When I saw the previews for director Todd Phillips’ Due Date, it looked pretty obvious what I was getting myself into. On the surface, Due Date appeared to be a 21st century reboot of the 1987 comedy, Planes, Trains, and Automobiles, starring Steve Martin and John Candy. Planes is a classic. Martin and Candy are comedic legends. Trying to update a great film (even if they aren’t explicit about it) is always tricky business and rarely a good idea. Still, the previews, the re-teaming of Zach Galifianakis and Phillips, and the inclusion of Iron Man sucked me into believing it would be worth seeing. Sure, Due Date was sure to have its quirks. But coming off Phillips’ surprise hit The Hangover, it didn’t seem reasonable to think with Downey Jr. on board Due Date wouldn’t be another pleasant surprise and a interesting twist on old favorite. Sigh. While premise wise Due Date is almost a carbon copy of Planes, Trains, and Automobiles, Due Date derails (sorry, had to use it) somewhere between Alabama and the Grand Canyon.
Due Date is the story of workaholic Peter Highman (Downey Jr.) and his misadventures with fellow traveler Ethan Tremblay (Galifianakis). Highman is on business in Atlanta and needs to get home for the birth of his first child across the country in L.A. Normally just a few hour flight away, Highman is kicked off his flight and placed on the nation’s “no-fly list” while his bag and wallet are carried off on the flight without him. With few options and only five days to get home before the birth, Highman is offered and accepts a ride by a strange co-traveler, aspiring actor Ethan Tremblay. Let the hilarity ensue! Kinda…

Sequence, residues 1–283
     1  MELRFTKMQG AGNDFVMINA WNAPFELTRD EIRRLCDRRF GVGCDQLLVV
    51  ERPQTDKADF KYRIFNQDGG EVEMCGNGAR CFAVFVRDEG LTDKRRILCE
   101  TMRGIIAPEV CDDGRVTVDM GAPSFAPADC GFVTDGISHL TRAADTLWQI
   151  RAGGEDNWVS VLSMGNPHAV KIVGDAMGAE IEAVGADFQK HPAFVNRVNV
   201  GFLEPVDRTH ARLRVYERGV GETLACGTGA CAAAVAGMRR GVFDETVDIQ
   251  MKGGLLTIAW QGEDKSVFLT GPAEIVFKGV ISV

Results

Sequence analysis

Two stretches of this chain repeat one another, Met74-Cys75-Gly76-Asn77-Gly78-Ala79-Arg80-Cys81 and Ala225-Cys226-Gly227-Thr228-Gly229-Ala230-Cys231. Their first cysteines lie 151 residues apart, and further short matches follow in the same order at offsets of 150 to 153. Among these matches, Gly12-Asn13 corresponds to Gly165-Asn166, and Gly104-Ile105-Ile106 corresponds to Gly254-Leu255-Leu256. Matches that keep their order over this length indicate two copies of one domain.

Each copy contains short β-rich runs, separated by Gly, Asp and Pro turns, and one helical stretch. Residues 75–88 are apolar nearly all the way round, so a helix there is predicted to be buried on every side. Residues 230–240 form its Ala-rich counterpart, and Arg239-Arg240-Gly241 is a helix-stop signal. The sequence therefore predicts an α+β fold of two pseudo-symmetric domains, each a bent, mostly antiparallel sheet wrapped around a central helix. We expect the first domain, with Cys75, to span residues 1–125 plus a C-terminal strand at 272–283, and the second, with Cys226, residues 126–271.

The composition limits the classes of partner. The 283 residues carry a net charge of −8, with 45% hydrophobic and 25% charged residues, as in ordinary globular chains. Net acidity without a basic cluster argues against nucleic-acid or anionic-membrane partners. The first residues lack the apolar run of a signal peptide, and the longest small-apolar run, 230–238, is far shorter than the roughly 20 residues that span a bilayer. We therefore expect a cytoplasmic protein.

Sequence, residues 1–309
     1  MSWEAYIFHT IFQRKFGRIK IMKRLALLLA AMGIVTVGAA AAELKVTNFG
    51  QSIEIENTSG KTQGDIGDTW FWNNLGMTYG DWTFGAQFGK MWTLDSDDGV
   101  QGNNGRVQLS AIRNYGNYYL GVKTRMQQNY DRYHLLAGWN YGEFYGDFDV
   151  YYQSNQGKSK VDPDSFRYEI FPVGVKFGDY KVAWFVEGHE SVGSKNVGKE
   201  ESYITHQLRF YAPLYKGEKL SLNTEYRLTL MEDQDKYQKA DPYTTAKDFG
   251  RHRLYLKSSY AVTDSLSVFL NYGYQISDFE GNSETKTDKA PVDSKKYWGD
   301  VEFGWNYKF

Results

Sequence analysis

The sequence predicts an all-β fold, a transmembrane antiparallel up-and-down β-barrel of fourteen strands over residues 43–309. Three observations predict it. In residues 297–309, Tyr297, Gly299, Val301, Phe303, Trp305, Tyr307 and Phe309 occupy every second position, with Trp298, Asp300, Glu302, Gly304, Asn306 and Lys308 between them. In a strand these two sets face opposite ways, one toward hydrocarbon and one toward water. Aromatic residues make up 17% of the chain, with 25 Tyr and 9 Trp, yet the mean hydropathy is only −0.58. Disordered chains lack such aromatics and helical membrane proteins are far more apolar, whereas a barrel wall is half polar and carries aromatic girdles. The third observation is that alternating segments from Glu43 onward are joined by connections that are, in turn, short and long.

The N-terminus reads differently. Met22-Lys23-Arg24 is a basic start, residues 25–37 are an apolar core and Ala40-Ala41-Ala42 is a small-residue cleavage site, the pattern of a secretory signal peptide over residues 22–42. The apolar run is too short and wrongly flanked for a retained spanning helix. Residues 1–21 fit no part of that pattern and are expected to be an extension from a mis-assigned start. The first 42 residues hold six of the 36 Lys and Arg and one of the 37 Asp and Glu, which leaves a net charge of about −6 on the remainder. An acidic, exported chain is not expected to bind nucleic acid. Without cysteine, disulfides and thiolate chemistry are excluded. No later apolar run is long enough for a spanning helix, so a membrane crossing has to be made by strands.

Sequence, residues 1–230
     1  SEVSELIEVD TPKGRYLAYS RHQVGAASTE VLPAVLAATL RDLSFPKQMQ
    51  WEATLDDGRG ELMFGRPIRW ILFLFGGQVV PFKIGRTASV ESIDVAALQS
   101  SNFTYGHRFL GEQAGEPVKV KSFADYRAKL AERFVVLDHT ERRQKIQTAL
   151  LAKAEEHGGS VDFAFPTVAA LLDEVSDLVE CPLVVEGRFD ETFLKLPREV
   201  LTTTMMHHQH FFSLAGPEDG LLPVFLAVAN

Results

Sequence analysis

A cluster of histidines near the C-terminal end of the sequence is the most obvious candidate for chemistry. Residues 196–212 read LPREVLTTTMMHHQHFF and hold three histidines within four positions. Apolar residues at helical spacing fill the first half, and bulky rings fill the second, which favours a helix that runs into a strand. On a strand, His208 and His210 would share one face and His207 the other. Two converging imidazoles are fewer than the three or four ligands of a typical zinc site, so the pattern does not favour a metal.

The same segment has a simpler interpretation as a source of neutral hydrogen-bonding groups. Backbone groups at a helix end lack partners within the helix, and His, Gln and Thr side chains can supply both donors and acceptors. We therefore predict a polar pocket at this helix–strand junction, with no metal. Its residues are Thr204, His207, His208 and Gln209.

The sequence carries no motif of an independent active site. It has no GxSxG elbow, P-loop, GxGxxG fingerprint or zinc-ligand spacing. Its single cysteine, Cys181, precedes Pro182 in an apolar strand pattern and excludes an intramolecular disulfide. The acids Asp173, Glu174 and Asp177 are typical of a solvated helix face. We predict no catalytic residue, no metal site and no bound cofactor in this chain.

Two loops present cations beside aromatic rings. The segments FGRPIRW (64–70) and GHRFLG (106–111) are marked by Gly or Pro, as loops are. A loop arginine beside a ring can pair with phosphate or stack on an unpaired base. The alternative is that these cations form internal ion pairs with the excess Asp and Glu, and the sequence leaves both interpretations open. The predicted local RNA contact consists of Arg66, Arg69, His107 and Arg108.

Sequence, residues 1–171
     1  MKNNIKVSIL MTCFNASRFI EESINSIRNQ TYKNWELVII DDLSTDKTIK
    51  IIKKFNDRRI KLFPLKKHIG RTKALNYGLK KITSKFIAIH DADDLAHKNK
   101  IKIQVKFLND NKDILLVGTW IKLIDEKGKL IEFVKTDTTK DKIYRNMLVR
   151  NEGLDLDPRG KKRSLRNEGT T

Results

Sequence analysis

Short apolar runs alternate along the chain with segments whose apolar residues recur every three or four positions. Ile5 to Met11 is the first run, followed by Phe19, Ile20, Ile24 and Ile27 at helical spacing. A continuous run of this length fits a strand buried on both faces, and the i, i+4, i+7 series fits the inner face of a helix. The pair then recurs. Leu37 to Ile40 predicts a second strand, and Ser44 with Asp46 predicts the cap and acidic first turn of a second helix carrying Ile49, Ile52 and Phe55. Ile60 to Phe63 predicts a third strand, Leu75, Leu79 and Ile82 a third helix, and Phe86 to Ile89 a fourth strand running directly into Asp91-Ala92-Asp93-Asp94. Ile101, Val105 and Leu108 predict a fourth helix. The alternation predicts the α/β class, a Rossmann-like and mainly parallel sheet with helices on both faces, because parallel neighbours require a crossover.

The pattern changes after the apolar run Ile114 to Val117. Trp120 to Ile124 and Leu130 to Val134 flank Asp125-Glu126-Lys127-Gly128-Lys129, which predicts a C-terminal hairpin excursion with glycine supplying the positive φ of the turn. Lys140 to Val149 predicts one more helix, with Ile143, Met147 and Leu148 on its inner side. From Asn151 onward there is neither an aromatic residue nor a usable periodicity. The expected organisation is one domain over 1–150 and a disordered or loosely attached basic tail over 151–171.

To be fair, Due Date is not without its moments and Downey Jr. and Galifianakis do seem to have some comedic chemistry. Still, it seems most of the comedic set-ups and gags are wasted on the lowest common denominator, which becomes endlessly frustrating as the movie continues to develop. So many potentially hilarious moments are cut short or never develop at all just so that Galifianakis can do something completely over-the-top and bizarre. Sure, the thirteen year-old kid who snuck into the theater sitting behind me thought it was funny. But it’s not what I was hoping for.
The movie’s most glaring flaw comes in the form of the relationship that develops between Downey Jr. and Galifianakis. In Planes, Trains, and Automobiles, Candy and Martin develop a friendship that comes across as heartfelt and genuine in the movies final scenes. In Due Date, the friendship between the movie’s two leads seems bizarre and forced. I’m still scratching my head as to why Downey Jr. ever develops any sort of affinity towards Galifianakis other than the periodic drug usage that occurs during the movie. Galifianakis comes across as so over-the-top and sometimes downright disgusting that there is no conceivable way anyone in their right mind would be able to put up with him for five minutes let alone five days. That’s what was so brilliant about Candy’s character in Plains, Trains, and Automobiles. He is an everyman, an annoying and attention starved everyman, but still an everyman. Candy strikes the right balance between endearing and irritating. Galifianakis leaves us only with absolutely strange to the point of ludicrous.
In the end, Due Date was a serious let down. Sure, I laughed at times. But what could have been a nice update of a classic turned into a sophomoric affair. To say cheap gags and middle school boy humor abounds in this one is an understatement. This one might be worth a rental but definitely not worth the price of seeing it at your local megaplex. In fact, it might be more worth it to look up your local listings and see if the old John Candy and Steve Martin flick is on somewhere. It probably is, and it’s free and far more enjoyable.
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